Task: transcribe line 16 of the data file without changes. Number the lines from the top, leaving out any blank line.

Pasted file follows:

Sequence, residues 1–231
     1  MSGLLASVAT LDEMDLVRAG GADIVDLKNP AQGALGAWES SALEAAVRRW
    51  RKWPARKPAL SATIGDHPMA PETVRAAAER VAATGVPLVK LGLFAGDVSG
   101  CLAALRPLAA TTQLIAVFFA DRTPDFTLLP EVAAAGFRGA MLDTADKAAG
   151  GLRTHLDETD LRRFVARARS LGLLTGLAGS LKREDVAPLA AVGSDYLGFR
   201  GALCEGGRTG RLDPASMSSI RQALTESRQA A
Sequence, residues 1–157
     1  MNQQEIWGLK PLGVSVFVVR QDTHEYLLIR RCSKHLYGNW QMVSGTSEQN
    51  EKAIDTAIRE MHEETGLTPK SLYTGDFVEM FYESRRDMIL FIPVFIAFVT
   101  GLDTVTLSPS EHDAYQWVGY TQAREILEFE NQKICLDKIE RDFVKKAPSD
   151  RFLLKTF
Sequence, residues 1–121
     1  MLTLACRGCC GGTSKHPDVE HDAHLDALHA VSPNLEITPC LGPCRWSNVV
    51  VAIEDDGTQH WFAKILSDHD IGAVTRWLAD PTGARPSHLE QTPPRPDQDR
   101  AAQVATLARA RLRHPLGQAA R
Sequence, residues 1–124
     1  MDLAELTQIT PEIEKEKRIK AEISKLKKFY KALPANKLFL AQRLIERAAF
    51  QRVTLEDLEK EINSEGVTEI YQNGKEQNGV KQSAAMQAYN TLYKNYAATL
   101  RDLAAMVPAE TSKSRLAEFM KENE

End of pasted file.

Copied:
Sequence, residues 1–124